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Helmut Schmidt, Published October 10 2012

Fargo loses ‘Can Man’ who kept fields clean

FARGO – If heaven has softball and baseball, then the “Can Man” is probably now in charge of keeping the diamonds clean.

Willis Clemenson, known by many in the Fargo area as the “Can Man” after 17 years of picking up cans and trash at the city’s softball and baseball fields, will be buried today. He died at age 79 on Sunday.

“He was at all the ballgames all summer long. He cleaned those ballfields from morning to night. Sometimes he’d get home, and it would be midnight,” said his daughter, June Edmunds.

“He’d come home with a carload. And he’d sell them, and he’d give the money to his grandkids. He was very generous,” Edmunds said.

The Fargo man died at Sanford Health’s Palliative Care facility, succumbing to lung cancer, family members said.

Clemenson was so well known that ballplayers and spectators would leave soda and beer cans in bags and piles to make it easier for him to collect, people that knew him said.

Rene Smith, athletic field coordinator for the Fargo Park District, said he was a happy person who could be relied on to help, even though he never got a dime from the public coffers.

“He’d not only do the cans, but he’d pick up the garbage. Just a very caring guy,” Smith said.

Clemenson told her he was saving the money he earned from recycling the cans to give to his grandchildren to help them get through school.

“I know one time, somebody else came and picked up the cans at Anderson (Softball Complex). And he confronted them and told them, ‘If you’re going to pick up the cans, you need to pick up the garbage, too,’ ” Smith said.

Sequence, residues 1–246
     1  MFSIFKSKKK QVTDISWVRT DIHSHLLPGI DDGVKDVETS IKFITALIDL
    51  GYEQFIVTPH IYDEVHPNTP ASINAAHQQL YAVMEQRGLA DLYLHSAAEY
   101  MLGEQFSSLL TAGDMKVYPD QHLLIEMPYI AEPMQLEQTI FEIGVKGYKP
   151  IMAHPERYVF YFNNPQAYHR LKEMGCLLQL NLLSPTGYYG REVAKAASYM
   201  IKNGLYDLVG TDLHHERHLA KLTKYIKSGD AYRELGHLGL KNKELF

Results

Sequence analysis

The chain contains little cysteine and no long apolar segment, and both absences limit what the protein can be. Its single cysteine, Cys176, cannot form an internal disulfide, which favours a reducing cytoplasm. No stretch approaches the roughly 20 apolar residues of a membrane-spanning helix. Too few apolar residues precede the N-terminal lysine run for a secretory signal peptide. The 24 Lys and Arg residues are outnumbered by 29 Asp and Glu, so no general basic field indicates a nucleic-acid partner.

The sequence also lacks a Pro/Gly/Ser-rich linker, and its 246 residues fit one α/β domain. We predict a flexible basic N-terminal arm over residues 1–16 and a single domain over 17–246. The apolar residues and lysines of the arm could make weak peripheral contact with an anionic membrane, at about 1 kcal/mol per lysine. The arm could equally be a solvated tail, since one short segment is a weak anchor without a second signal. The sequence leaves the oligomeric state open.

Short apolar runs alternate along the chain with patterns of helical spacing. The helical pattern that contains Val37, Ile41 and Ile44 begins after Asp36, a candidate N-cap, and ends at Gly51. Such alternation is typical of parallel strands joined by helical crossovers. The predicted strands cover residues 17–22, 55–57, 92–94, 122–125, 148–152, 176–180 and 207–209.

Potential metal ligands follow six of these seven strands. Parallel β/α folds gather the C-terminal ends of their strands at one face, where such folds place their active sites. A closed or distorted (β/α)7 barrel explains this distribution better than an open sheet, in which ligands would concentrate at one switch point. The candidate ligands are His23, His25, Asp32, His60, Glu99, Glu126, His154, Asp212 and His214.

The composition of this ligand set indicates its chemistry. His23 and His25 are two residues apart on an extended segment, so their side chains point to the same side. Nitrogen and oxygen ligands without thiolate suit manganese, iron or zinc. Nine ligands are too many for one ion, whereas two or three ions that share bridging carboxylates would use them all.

She said that one year, she made sure he got a Fargo Park District shirt.

“It was like I gave him a million bucks,” Smith said. “He was just a nice, nice little guy. He’ll be missed.”

Clemenson was born June 4, 1933, in Horace, N.D., to Oscar and Mary (Anderson) Clemenson.

He grew up on the family farm near Horace.

He started working on American Crystal Sugar’s fall beet harvest campaigns in 1949, and found a full-time job with the company in 1952, working several jobs there over the years until he retired in 1995.

Clemenson’s son, Wayne, said while his father didn’t play softball, he loved to watch the games. Picking up the cans and other detritus was a hobby.

Players would invite him to post-game celebrations, so it was also a social time for him, his son said.

“It was a point of pride for him” to keep the fields clean, Wayne Clemenson said. “Even in the hospital and the nursing home, he said, ‘I’m going to get better and get back to doing that.’ ”

Clemenson married Gilberta Cossette on July 26, 1952 in Wild Rice, N.D.

He is survived by his wife; his son and daughter and their spouses; two sisters, three brothers and three grandchildren.

Greg Laffen, the commissioner of the Fargo Slowpitch Softball Association, said Clemenson was a quiet man. People didn’t realize how much good he did until he had gotten sick this summer.

Complaints came in about trash at the area’s diamonds. That’s when it was learned Clemenson was fighting cancer.

“Everybody liked him and everybody knew what he was doing it for,” Laffen said. “Very sad to see him go. I know he’s in a better place. He definitely will be missed.”

The funeral service is at 1 p.m. today at St. Anthony of Padua Catholic Church in Fargo. He will be buried in Holy Cross South Cemetery in Fargo.

Arrangements are being handled by Boulger Funeral Home, Fargo.

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Readers can reach Forum reporter Helmut Schmidt at (701) 241-5583